I continue to do public speaking as the opportunities arise. I have always enjoyed speaking and educating groups of all sizes, and I would like to see this part of my business grow. Stay tuned!

Last, but certainly not least, my new website features a new blog! I will be adding an e-mail subscription to that blog soon, and once it is complete I will let you know so you can follow me there. Thank you for your support and encouragement. Here’s to the next chapter!—Bethany

Street Style – Two Style Lessons

IMG_3886Here are a few more snaps from our evening at Casco Antiguo earlier this week. Style Lesson #1: If your top is long (longer than where your leg breaks when you lift it), you must wear a heel to create a longer leg. Otherwise, your body is cut in half (50% torso; 50% leg), which makes you look short regardless of your true height. Our lovely, leggy model Amanda here asked me about cuffing her jeans. If she had been wearing a top with a hem around her hip bone, I would have told her to go for it as she has plenty of leg to sacrifice. However, because her top is longer than the leg break, I advised her to keep her jeans un-cuffed. If you can visualize her in flats with a cuffed hem, she would have appeared overlong on her top half and, thus, out of proportion.

IMG_3903Style Lesson #2: The more leg you show, the more of your top half should be covered. I do wish I had a tan for this lesson – ha! Wearing shorts that hit at mid-thigh or shorter calls for a top that is either a half sleeve, 3/4-length or a long sleeve as I am wearing. Short shorts and a tank top is provocative and not very classy. Leave a little to the imagination, and keep it classy, ladies. It is what men prefer, actually.

IMG_3902Lastly, if you have silver and/or turquoise jewelry, now is the time to wear it. The cool tones of the silver has an overall cooling effect on your look, which is just right during our warmest season. Ditto for turquoise. The light, soft green/blue goes with all your spring/summer clothing without having to think about it. Don’t worry if you have none of this color in your outfit. Adding a new color to your look via accessories is totally okay and encouraged, actually. Happy Weekend!—Bethany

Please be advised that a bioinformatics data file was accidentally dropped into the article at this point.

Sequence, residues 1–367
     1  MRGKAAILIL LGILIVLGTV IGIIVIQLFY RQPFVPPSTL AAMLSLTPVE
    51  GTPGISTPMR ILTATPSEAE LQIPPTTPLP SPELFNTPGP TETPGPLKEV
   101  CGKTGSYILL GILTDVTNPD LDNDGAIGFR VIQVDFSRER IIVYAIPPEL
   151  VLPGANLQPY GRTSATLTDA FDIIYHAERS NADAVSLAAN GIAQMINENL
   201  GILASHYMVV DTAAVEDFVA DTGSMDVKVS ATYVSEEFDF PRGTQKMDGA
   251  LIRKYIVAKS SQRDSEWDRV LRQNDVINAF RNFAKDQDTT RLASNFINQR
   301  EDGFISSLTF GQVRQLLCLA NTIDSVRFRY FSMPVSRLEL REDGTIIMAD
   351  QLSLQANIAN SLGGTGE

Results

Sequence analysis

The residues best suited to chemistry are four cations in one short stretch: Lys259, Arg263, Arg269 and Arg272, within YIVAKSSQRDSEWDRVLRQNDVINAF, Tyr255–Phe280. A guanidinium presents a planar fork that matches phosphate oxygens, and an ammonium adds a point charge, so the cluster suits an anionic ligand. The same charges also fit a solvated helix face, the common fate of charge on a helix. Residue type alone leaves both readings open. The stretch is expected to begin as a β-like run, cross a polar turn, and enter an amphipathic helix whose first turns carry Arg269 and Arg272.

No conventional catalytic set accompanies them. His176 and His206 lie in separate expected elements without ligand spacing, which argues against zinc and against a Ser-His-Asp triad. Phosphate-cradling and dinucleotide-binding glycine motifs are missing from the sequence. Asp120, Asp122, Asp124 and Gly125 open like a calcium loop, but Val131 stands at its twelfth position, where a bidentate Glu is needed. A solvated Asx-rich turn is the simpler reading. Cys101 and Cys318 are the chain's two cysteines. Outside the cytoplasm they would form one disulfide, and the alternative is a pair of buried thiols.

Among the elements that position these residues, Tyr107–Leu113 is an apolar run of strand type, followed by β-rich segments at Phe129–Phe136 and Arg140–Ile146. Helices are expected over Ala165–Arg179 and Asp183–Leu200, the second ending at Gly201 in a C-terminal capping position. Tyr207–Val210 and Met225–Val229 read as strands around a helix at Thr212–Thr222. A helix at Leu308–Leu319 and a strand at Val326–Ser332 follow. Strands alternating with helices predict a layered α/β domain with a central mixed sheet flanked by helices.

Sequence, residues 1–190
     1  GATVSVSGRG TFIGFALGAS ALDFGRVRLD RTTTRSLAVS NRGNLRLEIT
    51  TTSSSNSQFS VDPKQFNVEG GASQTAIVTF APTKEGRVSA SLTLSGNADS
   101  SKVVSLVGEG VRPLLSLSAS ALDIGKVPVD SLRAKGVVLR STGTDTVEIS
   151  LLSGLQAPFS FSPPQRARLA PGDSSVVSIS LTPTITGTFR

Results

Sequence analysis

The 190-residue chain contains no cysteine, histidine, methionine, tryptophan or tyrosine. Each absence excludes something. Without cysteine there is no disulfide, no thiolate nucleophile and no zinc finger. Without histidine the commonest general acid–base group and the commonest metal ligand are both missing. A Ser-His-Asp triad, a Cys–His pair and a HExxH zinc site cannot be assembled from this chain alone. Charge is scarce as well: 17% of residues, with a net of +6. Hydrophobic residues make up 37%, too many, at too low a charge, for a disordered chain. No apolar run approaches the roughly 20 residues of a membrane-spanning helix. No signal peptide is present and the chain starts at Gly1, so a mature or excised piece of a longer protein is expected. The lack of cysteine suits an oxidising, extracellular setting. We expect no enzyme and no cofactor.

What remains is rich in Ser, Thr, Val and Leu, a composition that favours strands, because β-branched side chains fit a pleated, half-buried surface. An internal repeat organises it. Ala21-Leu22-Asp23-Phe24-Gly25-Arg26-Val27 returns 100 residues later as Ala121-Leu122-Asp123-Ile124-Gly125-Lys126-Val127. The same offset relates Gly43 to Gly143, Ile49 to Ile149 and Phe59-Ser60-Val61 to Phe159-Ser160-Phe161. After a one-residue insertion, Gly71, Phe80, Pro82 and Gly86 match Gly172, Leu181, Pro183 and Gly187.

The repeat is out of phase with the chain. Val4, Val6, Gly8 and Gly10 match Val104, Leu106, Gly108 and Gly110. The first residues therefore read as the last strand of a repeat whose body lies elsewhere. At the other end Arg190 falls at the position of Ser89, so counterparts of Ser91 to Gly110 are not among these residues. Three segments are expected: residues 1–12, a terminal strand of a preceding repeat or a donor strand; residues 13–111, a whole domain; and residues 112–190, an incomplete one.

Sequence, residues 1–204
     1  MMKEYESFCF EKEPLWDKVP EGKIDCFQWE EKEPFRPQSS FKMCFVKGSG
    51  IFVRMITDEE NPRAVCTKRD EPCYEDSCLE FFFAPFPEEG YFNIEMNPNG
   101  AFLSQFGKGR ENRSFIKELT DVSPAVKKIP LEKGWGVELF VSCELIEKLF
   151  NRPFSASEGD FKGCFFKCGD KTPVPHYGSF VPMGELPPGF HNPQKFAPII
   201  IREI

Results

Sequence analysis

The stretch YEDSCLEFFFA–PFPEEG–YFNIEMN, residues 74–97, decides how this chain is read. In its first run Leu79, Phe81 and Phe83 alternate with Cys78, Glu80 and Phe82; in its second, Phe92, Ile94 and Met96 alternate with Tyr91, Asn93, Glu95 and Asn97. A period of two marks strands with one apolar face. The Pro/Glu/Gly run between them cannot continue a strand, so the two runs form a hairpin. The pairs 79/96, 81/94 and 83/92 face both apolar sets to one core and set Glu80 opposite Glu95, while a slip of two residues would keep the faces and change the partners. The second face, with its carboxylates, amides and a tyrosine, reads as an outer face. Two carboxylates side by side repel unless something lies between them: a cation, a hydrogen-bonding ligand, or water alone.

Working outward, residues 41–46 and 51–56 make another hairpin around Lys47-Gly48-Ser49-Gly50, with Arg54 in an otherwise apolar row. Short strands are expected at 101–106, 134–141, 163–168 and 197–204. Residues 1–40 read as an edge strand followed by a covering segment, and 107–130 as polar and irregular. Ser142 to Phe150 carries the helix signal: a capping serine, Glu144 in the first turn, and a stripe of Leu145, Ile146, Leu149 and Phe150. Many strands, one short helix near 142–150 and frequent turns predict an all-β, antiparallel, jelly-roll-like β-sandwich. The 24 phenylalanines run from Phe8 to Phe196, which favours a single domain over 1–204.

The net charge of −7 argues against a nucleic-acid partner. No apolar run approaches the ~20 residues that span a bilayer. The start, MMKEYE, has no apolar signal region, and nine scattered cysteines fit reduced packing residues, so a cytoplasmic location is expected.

Seattle Street Style – Casco Antiguo

IMG_3891I won’t lie, finding decent Mexican in Seattle has been a challenge. I realize it would be impossible to recreate a Texas experience; however, is it that difficult to make a good home-made margarita and sour cream enchiladas? Enter stage right, Casco Antiguo in the Pioneer Square district of downtown Seattle. The margaritas are delicious, the tacos are tasty, and the chips and guacamole remind me of what I left behind in Dallas. At last!

Apparently, I am not the only happy customer. The vividly-painted patio alone puts a smile on your face, but once you enjoy a few sips of your favorite carefully-created libation, your cares slip away as the cool Seattle night air kisses your face.

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True to Seattle, the patio is pet-friendly. This cute terrior was posing for me.IMG_3921

I have visited twice, and on both occasions I have met nicely-dressed  young professional men whose casual style are distinct to each of them. IMG_5333No one is trying too hard, and they look great. I especially love their shoes. From Capri pants to shorts to rolled jeans, each one has their own take on summer casual style.